This is one of the best dinner rolls I've ever tasted. They are a heavy roll, hearty, tasty, and unique. The recipe is from the November 2008 issue of Sunset Magazine. The rolls are the brainchild of Chef Bradley Ogden, who created them at the Lark Creek Inn, Larkspur, California, in 1995. You can use fresh herbs or dried, but if using dried, use slightly less, since the flavor will be stronger. The rolls are much better with fresh herbs, though.
The recipe calls for 15 minutes of kneading, and I followed the recipe religiously the first time I made them, kneading for 15 interminable minutes. But the second time (tonight), I decided to see what would happen if I only kneaded for 5 minutes. Also, this time, I refrigerated them. I'll bake them tomorrow morning, and will let you know the results, but I expect the kneading (or lack thereof) won't make a noticeable difference. Either way, I'll update this post with the results after I bake them tomorrow. (UPDATE: Surprisingly, the rolls raised a little in the fridge overnight. After taking them out of the fridge, I let them rise on the kitchen counter for an hour. Then I brushed them with egg and sprinkled them with coarse sea salt and popped them in the oven. They came out just fine. The shortened kneading time doesn't seem to have made a difference. I think you could also use a bread machine for the kneading.)
Overnight Soft Herb Rolls
1 pkg active dry yeast (about 1 Tbsp)
3 Tbsp sugar
1 tsp salt
1 Tbsp each flat-leaf parsley, fresh dill, chives, & rosemary
2 Tbsp melted butter
1 large egg
1 c milk or half-and-half
3 1/2 to 3 3/4 c all-purpose flour
1 Tbsp lightly beaten egg
About 1 Tbsp coarse salt
1. In large bowl, sprinkle yeast over 1/4 c. cool (70 degrees) water. Let stand until dissolved, 5 minutes. Stir in sugar, table salt, herbs, butter, 1 whole egg, and milk. Add 3 1/4 c. flour and stir to moisten.
2. Knead dough on a lightly floured board until elastic and not sticky, 15 minutes. Add flour as needed to prevent sticking. Shape into 12 equal balls. Place in a well-buttered 9x13" pan.
3. Let dough rise in warm place until doubled, 45-60 minutes. Meanwhile, preheat oven to 350. Brush rolls with beaten egg and sprinkle with coarse salt. Bake until deep golden, 25-30 minutes.
Make ahead: Prepare through step 2. Immediately wrap airtight (do not let rise) and chill up to 1 day. Proceed with step 3.
I was playing around with my camera a couple of days ago, taking pictures of myself to fool around with in Photoshop. It's hard to take a picture of yourself. I kept getting my eyes and the top of my head, or my chin and chest. I was being silly and making faces. These are two of my favorites. They make me laugh every time I look at them.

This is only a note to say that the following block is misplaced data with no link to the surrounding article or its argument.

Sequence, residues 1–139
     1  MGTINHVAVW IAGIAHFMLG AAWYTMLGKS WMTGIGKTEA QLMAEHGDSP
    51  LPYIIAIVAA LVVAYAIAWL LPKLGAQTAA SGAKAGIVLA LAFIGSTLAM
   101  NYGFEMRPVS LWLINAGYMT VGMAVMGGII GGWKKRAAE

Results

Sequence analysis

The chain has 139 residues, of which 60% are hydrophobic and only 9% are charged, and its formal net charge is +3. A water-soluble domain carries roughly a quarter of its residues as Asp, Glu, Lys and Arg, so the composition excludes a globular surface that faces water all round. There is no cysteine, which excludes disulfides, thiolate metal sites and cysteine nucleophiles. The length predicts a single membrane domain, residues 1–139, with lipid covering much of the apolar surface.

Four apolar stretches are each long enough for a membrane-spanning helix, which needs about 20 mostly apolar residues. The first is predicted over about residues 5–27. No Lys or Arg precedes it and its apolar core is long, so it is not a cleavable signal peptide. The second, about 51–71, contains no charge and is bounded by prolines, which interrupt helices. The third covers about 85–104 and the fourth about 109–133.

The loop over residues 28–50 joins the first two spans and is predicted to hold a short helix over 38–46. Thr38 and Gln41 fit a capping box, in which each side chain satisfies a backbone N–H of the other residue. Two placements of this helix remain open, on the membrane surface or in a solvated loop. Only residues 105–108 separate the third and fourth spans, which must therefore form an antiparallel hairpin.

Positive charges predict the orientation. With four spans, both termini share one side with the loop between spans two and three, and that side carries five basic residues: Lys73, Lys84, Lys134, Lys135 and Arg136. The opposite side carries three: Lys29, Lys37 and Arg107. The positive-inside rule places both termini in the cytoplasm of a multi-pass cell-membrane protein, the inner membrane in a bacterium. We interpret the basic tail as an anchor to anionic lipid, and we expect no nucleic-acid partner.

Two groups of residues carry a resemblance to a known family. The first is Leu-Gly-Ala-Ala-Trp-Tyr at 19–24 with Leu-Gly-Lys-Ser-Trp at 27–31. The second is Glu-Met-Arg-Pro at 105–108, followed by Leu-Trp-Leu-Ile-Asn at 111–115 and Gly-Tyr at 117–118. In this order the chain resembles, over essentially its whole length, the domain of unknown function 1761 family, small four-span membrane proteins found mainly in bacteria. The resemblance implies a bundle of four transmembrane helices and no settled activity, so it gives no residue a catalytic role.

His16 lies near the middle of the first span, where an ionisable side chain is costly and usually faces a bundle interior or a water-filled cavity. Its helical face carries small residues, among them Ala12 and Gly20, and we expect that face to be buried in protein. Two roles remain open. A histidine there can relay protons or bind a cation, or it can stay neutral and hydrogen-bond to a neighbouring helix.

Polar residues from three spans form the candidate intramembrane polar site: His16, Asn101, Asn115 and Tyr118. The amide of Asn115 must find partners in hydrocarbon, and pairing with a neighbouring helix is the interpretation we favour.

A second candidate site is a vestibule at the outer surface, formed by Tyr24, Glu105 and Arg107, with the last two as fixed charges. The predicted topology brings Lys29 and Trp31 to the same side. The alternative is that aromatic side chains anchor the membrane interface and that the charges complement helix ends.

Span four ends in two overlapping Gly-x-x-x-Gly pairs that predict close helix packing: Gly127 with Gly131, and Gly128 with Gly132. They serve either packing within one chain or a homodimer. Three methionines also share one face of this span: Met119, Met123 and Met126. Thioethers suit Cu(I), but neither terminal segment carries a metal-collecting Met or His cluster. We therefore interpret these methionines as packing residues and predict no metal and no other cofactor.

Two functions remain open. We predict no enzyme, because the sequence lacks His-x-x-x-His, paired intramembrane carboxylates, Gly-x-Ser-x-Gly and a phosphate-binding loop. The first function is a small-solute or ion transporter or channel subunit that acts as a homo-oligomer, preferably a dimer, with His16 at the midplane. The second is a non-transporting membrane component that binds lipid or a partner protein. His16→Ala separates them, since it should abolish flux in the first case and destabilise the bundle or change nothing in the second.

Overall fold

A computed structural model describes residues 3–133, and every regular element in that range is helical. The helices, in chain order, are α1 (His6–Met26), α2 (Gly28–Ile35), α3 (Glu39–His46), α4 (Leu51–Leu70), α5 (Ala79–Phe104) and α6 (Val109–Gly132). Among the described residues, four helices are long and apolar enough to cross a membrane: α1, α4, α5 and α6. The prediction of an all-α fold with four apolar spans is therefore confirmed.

I'm working on my Christmas newsletter. Yes, I know. Christmas is done, but my newsletter isn't. You see, I write BIG newsletters. As in huge. As in 18 pages. My annual letter has been 18 pages for years, and for some peculiar reason, people actually read the thing. Not only that, I get new people every year begging to be on my mailing list. Go figure.
But I do try to make it appealing to the eye, and chock full of amusing stories. That's my life--one big amusing thing after another. I'm serious about that. My life is funny, and funny things happen to me. So I like to share. But these newsletters take months to produce. I got a bit behind recently, and never mailed out a 2007 one. So I decided to combine it with 2008. I worked on it some more, and soon Christmas 2008 had come and gone. Sooooo . . .
I'm putting the finishing touches on my gargantuan 2007/08/09 Christmas newsletter. I hope to have it out by Valentine's Day. *g* In the meantime, I have to cut many, many pages, because I'm over my self-imposed 18-page limit by 12 pages. Yes, it's 30 pages long. I've managed to cut 5 pages tonight and gotten it down to 25 pages, but I'm still cutting. So many good stories on the cutting room floor! But if I go over 18 pages, the postage goes up. If you're on my mailing list, you will eventually get the Christmas newsletter.
A week or so ago I posted a picture of Asterisk, my Boxer, standing at the slider, with my cat, Christopher the Assassin, on the other side of the slider. I hung a bell on the handle of the slider, and trained Asterisk to ring the bell when she wanted to go outside. Asterisk has taken it a step farther, and trained herself to ring the bell when she sees the cat at the door wanting in. Here's another picture of her, doing just that. I snapped the picture just after she rang the bell.
I'm retired from freelance editing and living the good life. I love not working for a living! I live on a small farm in rural western Washington State where I reside with my dogs, cats, and horses. I have a warped sense of humor and I'm joyously silly most of the time.